To no one’s surprise, the annual National Education Association convention voted six-to-one (7,390 to 1,153), to endorse John Kerry for President.
The head of the NEA, Reg Weaver, opened the annual convention in July in Washington, DC, with a call for public school teachers and employees to mobilize to defeat President Bush this fall. He said the union’s political activism “takes center stage,” and he predicted that “our 2.7 million members can be the X-factor in this election.”
For the 2004 political campaign, the NEA will “partner” with the leftwing organizations MoveOn.org, ACORN (Association of Community Organizations for Reform Now), and the pro-Democratic Campaign for America’s Future in order to achieve “the largest mobilization for education ever.” Through a nationwide political strategy called “house parties” to be held on September 22, these activists will plan political rallies, register voters, meet with congressional candidates, and organize a get-out-the-vote program to cover teachers and parents.
John Kerry was to have been the convention’s headline speaker, but he stood them up, choosing that very day to announce his choice of John Edwards as his running mate. The delegates were more than pleased with his replacement, Hillary Clinton, who was introduced as “one of our closest allies; she’s so close, in fact, that she needs no further introduction.”
Hillary brought the delegates to their feet with what the NEA’s official newspaper called her “sharp wit,” such as, “We are one day closer to the end of the Bush-Cheney Administration.” Actually, she was just a warmup for a showing of Michael Moore’s anti-Bush movie, Fahrenheit 9/11, right after her speech.
The NEA’s lobbying goals for next year’s Congress include federal funding for public school child care, early childhood programs that are school-based, before- and after-school programs, big spending for school counselors, and school-based health care for children.
The NEA’s non-education-related lobbying goals include funding for the National Endowment for the Arts, national health care, reparations to African Americans, statehood for the District of Columbia, taxpayer funding of federal elections, and a national holiday for Cesar Chavez. The NEA’s foreign policy goals include ratification of the United Nations treaties on the Rights of the Child and on Discrimination against Women.
The NEA’s feminist lobbying goals include “reproductive freedom without governmental intervention” (but, of course, with tax funding), affirmative action, assigning women to military combat, and the Equal Rights Amendment. The NEA’s gay goals include a federal statute prohibiting employment discrimination on the basis of sexual orientation, income tax benefits for domestic partners, and hate crimes legislation.
The NEA opposes all varieties of school choice, tuition tax credits, vouchers, parental option or “choice” in education programs, designating English as our official language, and any possible action that might impinge on the secularists’ notion of “separation of church and state.”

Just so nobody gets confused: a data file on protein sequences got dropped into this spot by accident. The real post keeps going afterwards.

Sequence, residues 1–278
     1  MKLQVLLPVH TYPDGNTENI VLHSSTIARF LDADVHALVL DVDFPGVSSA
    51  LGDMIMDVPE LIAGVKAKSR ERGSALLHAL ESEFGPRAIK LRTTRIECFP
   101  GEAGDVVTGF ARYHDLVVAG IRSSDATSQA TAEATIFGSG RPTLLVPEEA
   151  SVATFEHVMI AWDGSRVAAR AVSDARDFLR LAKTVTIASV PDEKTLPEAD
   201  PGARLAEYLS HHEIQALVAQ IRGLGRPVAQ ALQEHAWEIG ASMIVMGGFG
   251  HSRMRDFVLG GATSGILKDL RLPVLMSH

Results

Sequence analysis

The most controversial vote at the NEA convention turned out to concern one word in the anti-homeschool resolution. B-69 as introduced read: “The Association also believes that unfunded home-schooled students should not participate in any extracurricular activities in the public schools.”
The word “unfunded” precipitated a lively debate. Some schools provide funding for homeschoolers to participate in after-school activities such as sports. The amendment to remove the word “unfunded” was designed to put the NEA on record as opposed to letting homeschoolers darken the door of public school grounds regardless of whether or not there is money to finance their participation.
In the end, the majority of delegates voted to delete “unfunded.” Whether or not homeschoolers’ participation in public school activities is funded, the NEA does not want them in any way to compete with students who are “with us all day.”
The NEA thus made its animosity against homeschoolers loud and clear. The only thing this powerful and wealthy union fears is homeschooling.
The convention opened with an invocation by the president of the National Council of Urban Education Associations. A few delegates complained that his message sounded suspiciously like a reading from the Democratic Party platform.
Washington DC Mayor Anthony Williams was not on hand to welcome the delegates to the nation’s capital because he supports school vouchers, a politically incorrect position for NEA speakers. The delegates were welcomed instead by U.S. Delegate Eleanor Holmes Norton, who used her time at the podium to pitch for her legislation to give congressional representation to the District of Columbia.
The speakers voiced the usual complaints about a stingy Congress not appropriating enough money for education. In fact, federal spending on education increased 51 percent since Bush took office, and Title I spending (for low-income schools) has increased from $8.8 billion in the Clinton administration to $13.3 billion this year.
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